As a second year medical student I am still unsure of the field of medicine that interests me the most. Shadowing physicians is a great way to get a taste for different specialties, and that is just what I’ve been doing. Emergency medicine initially appealed to me because it seemed to be a very fast-paced, hands on specialty that deals with acute crises. However, as I spent some time in the emergency department of a local hospital, I found it to be rather different from what I expected. Three patients in
Posts under Reflection
From learning about the "tough, spidery and tender mothers" of the meninges, to the "gate-keeping properties" of the pylorus (pyle = gate; ourus = guardian), I have had great fun exploring medical etymologies this past year. Medicine is a veritable treasure trove of word origins; it is a discipline chock full of fascinating etymologies and hidden stories. Behind every pathology, process or treatment, it seems, there lies a tale of epic proportions just waiting to be told. Here is but one:
To protect patient privacy, names were altered in the retelling of this story.
I entered the room behind Dr. McDonald and introduced myself to John and his wife. They were an older couple – likely in their 70s – who seemed pleasant.
It is with great pleasure, and a slight bit of trepidation (I’m not used to writing about myself!), that I start off this series of blog posts about wellness. In the coming weeks, you will hear from my colleagues on the OMSA Wellness Committee - a group of driven individuals who are passionate about the self-care and balance in medical students - about their views on wellness.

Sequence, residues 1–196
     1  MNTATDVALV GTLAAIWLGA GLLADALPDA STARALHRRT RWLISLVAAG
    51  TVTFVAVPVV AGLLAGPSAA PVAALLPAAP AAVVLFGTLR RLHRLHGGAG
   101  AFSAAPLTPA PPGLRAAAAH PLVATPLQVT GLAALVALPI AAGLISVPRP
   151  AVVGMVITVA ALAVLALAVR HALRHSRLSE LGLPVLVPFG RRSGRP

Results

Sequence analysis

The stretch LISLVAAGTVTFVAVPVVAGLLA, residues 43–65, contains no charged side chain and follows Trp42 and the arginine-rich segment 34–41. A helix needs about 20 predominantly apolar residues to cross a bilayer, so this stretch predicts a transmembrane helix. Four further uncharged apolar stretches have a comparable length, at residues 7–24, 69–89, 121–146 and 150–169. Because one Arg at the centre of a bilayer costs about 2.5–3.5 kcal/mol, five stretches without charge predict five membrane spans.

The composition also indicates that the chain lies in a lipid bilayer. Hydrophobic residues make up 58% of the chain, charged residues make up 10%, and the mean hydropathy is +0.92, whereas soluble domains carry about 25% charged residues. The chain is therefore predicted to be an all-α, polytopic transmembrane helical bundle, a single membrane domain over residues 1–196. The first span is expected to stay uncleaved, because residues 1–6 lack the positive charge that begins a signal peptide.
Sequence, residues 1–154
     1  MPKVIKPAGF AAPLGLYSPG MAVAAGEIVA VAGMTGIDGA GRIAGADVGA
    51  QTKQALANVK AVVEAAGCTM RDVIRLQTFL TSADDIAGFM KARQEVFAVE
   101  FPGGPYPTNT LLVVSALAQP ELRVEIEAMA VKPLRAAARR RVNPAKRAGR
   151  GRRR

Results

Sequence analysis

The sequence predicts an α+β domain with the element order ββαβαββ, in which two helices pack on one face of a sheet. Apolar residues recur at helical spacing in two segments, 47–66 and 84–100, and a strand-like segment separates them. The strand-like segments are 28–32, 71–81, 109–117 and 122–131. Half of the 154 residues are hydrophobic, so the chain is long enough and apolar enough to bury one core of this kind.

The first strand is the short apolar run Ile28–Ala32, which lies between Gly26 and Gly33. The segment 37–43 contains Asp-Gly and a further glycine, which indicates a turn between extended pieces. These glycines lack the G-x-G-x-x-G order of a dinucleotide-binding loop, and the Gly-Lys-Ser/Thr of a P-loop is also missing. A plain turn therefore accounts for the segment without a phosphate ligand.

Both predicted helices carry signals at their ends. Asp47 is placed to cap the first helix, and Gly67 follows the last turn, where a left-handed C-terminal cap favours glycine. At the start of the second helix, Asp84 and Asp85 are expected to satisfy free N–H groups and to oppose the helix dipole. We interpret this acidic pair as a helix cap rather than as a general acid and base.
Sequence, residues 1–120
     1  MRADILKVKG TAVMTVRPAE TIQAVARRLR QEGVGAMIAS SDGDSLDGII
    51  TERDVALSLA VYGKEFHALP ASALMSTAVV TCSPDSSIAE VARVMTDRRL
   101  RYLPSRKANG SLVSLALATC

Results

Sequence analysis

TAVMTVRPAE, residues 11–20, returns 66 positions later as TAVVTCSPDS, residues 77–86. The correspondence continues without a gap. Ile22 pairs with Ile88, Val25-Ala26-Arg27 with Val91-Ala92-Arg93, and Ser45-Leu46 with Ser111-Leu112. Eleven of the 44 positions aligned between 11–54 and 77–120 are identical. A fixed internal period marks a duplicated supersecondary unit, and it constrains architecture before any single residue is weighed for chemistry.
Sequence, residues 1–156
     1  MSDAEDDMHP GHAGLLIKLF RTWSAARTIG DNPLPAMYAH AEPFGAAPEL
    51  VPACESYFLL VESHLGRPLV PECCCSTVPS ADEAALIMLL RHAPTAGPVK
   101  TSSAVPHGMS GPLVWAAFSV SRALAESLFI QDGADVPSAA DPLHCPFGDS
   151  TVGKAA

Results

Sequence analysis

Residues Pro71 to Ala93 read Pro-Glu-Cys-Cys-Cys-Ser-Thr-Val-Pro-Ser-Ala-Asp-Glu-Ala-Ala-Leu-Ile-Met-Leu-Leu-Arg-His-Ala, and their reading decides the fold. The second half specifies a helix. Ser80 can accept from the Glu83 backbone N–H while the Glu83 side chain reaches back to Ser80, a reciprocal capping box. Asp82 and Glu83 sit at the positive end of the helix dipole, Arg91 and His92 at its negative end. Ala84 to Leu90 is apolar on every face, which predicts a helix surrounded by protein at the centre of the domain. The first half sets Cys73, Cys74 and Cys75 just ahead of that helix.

CaRMS is like a black box. It is a step in medical school that
you always know will come, you realize everyone makes it through,
but what exactly happens in between is a mix of rumours, some
facts and a healthy dose of faculty injected fear.
The best I felt I could do to face this was to make lists and be organized which kept me focussed and on track. It avoided going back to re-check my past steps to make sure things were complete.
Starting early and working on the application nearly daily were
This is the second post of a special three-part OMSA wellness series, featuring guest writer Dr. Sarah Luckett Gatopoulos, a PGY1 in Emergency Medicine at McMaster University. At the third annual OMSA Wellness Retreat this past March, she facilitated a fantastic workshop entitled ‘The Portable Workout’.
Dr. Shannon Arntfield is an obstetrician/gynecologist and assistant professor at the Schulich School of Medicine & Dentistry at Western University in London, Ontario. She is the founder and director of the Narrative Medicine Initiative at Western.
Obesity scares me. My experiences and education have taught me that it is a frightening reality. Thus, I am pleased to now be advocating to change this scenario with OMSA Political Advocacy Committee (OPAC).
A couple months into clerkship, I would like to share a few practical tips that I learnt from experience: